CSE logo University of Washington Department of Computer Science & Engineering
 CSE 326: Data Structures, Summer 2003
  CSE Home   About Us    Search    Contact Info 

 Main page
 Knowledge Pre and Postconditions
 Using Course Email
 Course Announcements Archive
 Course Discussion Archive
 Academic Accomodations
 Anonymous Feedback
Course Content
 Calendar & Lecture Slides
 Quiz Section
 Exam Information
 Programming Guidelines
 Written HW Guidelines
 Computing Info
 Turnin Info
    There will be weekly assignments, either written or programming. Expect about 7 assignments total.

All programming assignments must be written in Java. If this causes you undue hardship, please contact the instructor.

Late policy:

  • Written assignments: Due promptly at the beginning of class, late assignments will not be accepted.
  • Programming assignments: Electronic turnin will be due at 11 p.m., followed by hardcopy turnin at the next class or section. Once per quarter you may use your "late day" to buy an extra 24 hours for the electronic turnin, with hardcopy turnin at the following class or section. You must email your TA before the deadline to specify that you will be using your late day.
If you contact the instructor in advance of the deadline, we may show more flexibility given exceptional circumstances.

Course Labs: Sieg 232 and Sieg 329. Labs have NT machines with X servers to access Unix. All projects will be graded on Unix. You may use tools such as J++ on other OSs but make sure you test under Unix.

Your grade will be determined as follows (approximate):

  • Assignments: 45%
  • Midterm: 20%
  • Final: 30%
  • Participation: 5%

    If you find an error in our grading, please bring it to our attention within one week of that item being returned.

    Grading guidelines for programming assignments

    See also the "Programming Guidelines" at left. Approximate grade breakdown:
    • Program correctness, compilation -- 40% of total grade
    • Architecture/design, style, commenting, documentation -- 30%
    • Writeup/README -- 30%

    The reason why "so few" points are allocated towards program correctness and error-free compilation is because students who have gotten past 143 are smart enough to know how to get their code to compile and run against the general input (although testing "boundary conditions" is a skill which students should aim for), so program correctness and error-free compilation is neither a fair nor discriminating measurement of project quality.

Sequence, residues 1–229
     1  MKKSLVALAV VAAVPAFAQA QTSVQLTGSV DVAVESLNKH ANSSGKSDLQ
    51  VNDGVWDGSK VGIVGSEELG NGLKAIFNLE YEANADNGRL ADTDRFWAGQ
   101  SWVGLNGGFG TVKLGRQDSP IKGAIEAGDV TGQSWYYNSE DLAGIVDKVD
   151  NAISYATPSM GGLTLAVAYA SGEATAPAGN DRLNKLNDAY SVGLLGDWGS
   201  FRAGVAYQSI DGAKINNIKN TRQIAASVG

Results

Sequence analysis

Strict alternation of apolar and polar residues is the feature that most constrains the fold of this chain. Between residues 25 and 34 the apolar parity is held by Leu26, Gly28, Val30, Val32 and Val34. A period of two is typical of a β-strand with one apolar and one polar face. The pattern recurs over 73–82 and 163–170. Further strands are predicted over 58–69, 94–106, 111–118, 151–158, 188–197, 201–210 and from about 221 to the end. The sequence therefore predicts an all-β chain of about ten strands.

The two biggest discriminating factors among 326 students are program design (such as style and architecture) and analysis (the README/writeup), which is why these factors are weighed a little heavily. Also, 326 is a course about data structures and the tradeoffs made during algorithm/data structure design, so putting additional weight on program design, and questions about program analysis and weighing tradeoffs is more in keeping with the course goals.

    Putting weight on the design and writeup aspects for projects is also useful because it doesn't penalize students who "have the right idea" but couldn't get their code to compile because of a last-minute code change.

    Point Allocation

    For each of the above categories, we have the following point allocation:
    • 6 pts -- "Above and Beyond" (this category is for the one or two "superstars" in every class. This category is used so rarely that we can pretty much treat the grading scale as a 5-pt scale)
    • 5 pts -- "Excellent": no errors, hiccups, or conceptual misunderstandings whatsoever.
    • 4 pts -- "Very good": one (or two) minor error(s) or misunderstanding(s). Most grades should fall in this category.
    • 3 pts -- "Good": three or four minor errors or misunderstandings, or perhaps one major misunderstanding.
    • 2 pts -- "Fair": two or three major misunderstandings
    • 1 pt -- "Poor": major misunderstanding of underlying principles, or complete misunderstanding but significant effort.
    • 0 pts -- "Very Poor": Complete misunderstanding of underlying principles, and little to no effort.

  • CSE logo Department of Computer Science & Engineering
    University of Washington
    Box 352350
    Seattle, WA  98195-2350
    (206) 543-1695 voice, (206) 543-2969 FAX
    [comments to cse326-staff@cs.washington.edu]